Cybersecurity Incident

How to Prepare Your Organization for a Cybersecurity Incident

By Vibha Puthran, ERMProtect, Information Security Consultant

A cybersecurity incident is an event that may indicate an organization’s data, systems, or permissions have been compromised. This could be a stolen password, a database breach, or malware affecting the normal applications of a system. Preparing for these circumstances substantially decreases damage and costs and helps get companies back to business as quickly as possible.

Here are four important steps to prepare your organization for a cybersecurity incident.

Frame an Incident Response Plan

An Incident Response Plan is a written document, formally approved by the senior leadership team, that helps your organization before, during, and after a confirmed or suspected security incident. The plan and its procedures help organizations reduce recovery time and mitigate further cybersecurity risk while dealing with a crisis.

Without a formal Incident Response (IR) plan in place, your organization may not know what to do to contain, clean up, and recover from attacks when detected. These plans typically spell out the duties that each person or team needs to perform during an incident. They also set out policies and procedures for communication during a breach, spelling out when incidents should be escalated to management and when external sources should be notified, such as outside legal counsel, law enforcement, third-party vendors, clients, regulators, and external stakeholders. This ensures a smooth communication process during a trying time.

Assign Roles and Responsibilities During an Incident

Each employees’ effort is important during a cybersecurity incident. Teamwork and coordination among different divisions in a company helps coordinate response activities better and more efficiently. As such, attack-based playbooks and job aids must be drafted while framing the incident response plan.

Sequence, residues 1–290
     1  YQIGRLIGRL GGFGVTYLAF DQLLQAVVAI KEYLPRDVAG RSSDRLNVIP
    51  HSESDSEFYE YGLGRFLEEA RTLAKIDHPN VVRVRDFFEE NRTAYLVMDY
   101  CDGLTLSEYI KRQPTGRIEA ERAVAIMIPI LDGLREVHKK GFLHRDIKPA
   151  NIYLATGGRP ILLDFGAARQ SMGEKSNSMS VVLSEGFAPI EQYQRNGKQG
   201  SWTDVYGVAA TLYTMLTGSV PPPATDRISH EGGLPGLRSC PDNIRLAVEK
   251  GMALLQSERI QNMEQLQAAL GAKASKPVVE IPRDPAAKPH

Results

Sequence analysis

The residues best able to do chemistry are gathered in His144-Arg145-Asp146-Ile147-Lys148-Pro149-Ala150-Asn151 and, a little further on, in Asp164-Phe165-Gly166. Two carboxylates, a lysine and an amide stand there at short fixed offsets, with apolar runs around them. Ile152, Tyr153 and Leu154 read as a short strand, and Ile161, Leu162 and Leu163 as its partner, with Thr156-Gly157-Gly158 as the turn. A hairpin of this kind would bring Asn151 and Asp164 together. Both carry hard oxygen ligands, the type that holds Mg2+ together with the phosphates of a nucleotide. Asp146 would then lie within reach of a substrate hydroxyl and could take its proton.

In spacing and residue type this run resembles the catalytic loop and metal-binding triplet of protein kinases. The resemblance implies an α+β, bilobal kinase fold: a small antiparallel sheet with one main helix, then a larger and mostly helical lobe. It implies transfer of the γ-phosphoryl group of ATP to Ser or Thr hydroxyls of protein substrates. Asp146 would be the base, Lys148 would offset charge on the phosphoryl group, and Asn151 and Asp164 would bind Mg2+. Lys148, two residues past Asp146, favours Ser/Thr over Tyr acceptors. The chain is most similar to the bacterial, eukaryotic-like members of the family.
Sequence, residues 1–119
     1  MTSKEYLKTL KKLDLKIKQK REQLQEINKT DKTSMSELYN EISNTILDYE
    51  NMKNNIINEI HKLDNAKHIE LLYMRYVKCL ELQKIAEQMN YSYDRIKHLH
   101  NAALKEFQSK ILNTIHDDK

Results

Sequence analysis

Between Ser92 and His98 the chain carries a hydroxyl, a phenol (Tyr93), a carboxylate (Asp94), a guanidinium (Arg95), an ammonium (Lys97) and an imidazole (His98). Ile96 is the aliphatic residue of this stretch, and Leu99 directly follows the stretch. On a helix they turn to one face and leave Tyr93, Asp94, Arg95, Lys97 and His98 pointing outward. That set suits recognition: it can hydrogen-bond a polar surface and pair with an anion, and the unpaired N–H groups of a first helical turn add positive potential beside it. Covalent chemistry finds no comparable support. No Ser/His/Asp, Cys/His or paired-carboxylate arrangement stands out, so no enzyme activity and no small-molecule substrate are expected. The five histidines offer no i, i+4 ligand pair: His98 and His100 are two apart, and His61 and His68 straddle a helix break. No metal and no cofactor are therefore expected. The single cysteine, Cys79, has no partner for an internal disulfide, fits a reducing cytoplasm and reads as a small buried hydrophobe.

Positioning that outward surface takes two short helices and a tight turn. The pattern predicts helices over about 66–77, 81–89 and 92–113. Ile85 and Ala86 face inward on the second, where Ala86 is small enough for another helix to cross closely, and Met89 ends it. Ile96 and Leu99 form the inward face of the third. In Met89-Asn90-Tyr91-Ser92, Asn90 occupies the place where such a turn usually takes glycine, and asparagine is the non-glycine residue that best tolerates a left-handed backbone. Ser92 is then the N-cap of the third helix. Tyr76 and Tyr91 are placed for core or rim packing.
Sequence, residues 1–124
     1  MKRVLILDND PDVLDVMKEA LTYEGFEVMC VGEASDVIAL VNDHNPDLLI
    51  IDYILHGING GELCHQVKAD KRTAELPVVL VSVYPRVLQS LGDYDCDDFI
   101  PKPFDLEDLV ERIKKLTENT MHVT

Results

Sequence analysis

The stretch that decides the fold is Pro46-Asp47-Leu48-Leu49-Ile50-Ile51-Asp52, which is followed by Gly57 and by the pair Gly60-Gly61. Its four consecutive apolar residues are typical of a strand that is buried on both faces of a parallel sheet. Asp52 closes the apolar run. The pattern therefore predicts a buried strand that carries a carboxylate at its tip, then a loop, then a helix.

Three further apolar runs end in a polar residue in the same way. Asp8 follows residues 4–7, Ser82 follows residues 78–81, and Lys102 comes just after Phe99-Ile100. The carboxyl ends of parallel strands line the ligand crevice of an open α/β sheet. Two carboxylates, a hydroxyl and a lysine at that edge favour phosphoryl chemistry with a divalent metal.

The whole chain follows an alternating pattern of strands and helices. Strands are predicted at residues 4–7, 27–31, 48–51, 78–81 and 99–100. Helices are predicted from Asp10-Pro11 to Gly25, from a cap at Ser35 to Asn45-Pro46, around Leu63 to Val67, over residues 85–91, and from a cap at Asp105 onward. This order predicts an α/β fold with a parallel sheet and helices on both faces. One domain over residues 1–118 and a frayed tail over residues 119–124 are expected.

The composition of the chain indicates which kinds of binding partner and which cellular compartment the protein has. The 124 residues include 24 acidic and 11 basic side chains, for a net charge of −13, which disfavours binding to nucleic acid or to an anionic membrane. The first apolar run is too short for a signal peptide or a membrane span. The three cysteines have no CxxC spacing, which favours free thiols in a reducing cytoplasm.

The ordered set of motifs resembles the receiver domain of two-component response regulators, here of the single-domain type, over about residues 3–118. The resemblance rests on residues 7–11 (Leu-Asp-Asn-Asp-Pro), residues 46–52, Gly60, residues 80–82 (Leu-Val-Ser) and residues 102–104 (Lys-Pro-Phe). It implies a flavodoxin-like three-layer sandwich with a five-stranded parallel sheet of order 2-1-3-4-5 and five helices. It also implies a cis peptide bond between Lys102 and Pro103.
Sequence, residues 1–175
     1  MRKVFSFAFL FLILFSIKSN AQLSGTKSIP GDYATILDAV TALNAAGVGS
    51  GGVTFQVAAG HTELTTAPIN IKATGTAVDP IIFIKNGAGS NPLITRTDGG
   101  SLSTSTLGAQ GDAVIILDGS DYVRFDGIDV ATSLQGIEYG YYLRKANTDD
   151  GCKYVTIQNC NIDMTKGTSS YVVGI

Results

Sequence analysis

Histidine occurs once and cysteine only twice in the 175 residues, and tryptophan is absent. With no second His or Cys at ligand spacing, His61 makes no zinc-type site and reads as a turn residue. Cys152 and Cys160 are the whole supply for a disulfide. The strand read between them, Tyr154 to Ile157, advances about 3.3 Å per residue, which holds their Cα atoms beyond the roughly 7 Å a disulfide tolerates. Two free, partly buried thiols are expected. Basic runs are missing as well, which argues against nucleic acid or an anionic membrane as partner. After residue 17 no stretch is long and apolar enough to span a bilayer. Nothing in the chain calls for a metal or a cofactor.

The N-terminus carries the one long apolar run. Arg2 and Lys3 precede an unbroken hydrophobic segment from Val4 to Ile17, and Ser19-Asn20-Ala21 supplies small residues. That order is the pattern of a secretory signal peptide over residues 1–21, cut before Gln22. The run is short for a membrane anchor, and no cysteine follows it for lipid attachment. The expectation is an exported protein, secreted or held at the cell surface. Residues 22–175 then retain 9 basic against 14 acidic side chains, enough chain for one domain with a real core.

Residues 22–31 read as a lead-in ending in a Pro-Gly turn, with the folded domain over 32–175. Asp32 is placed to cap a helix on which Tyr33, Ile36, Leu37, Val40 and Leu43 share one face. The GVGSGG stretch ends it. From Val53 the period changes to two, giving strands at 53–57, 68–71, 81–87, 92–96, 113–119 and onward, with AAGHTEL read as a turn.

An incident manager should be assigned who can lead and coordinate the response activities during an incident. Security personnel must be assigned as incident responders and trained to investigate and recover from the incident. The CISO or equivalent must be tasked with informing the board of directors, media, and law enforcement, if required.

Segregating tasks and ensuring employees are aware of their roles during an incident will facilitate a smooth process during remediation.

Regularly Review the Incident Response Plan

Just framing the Incident Response Plan once and storing it for years is a bad idea. With newer technologies being innovated every day and evolving attacker techniques, it is important that the Incident Response Plan is reviewed and updated at least every half year or yearly. This helps ensure that the plan is up to date and that newer employees are aware of their responsibilities during an incident. Engaging with a third-party firm to review the incident response plan is highly encouraged, as its experts will have better insight into current trends and attack vectors and can advise accordingly.

Test the Incident Response Plan in Tabletop Exercises

Having fancy documents and policies in place is always nice, but unless they are tested you will never know whether they are effective. Engaging in tabletop exercises which simulate a cybersecurity incident helps evaluate the effectiveness of your plan as well as your team’s response. This fun and interactive way of learning will identify gaps in your communication plans, containment actions, and remediation activities. It helps to have an outside firm conduct this exercise, so its experts can advise on what can be done differently and improved.

ERMProtect Can Help

ERMProtect has developed Incident Response Plans and conducted Tabletop Exercises for multiple clients across 30+ industry verticals. Please contact Silka Gonzalez at or Judy Miller at or 305-447-6750 for a demo of our incident response and digital forensic services.

Vibha Puthran is an Information Security Consultant at ERMProtect Cybersecurity Solutions. She is a Certified Computer Incident Handler and has experience in incident response investigations, digital forensics, table-top exercises, and security awareness training. She has a master’s degree in Information Security from Carnegie Mellon University.

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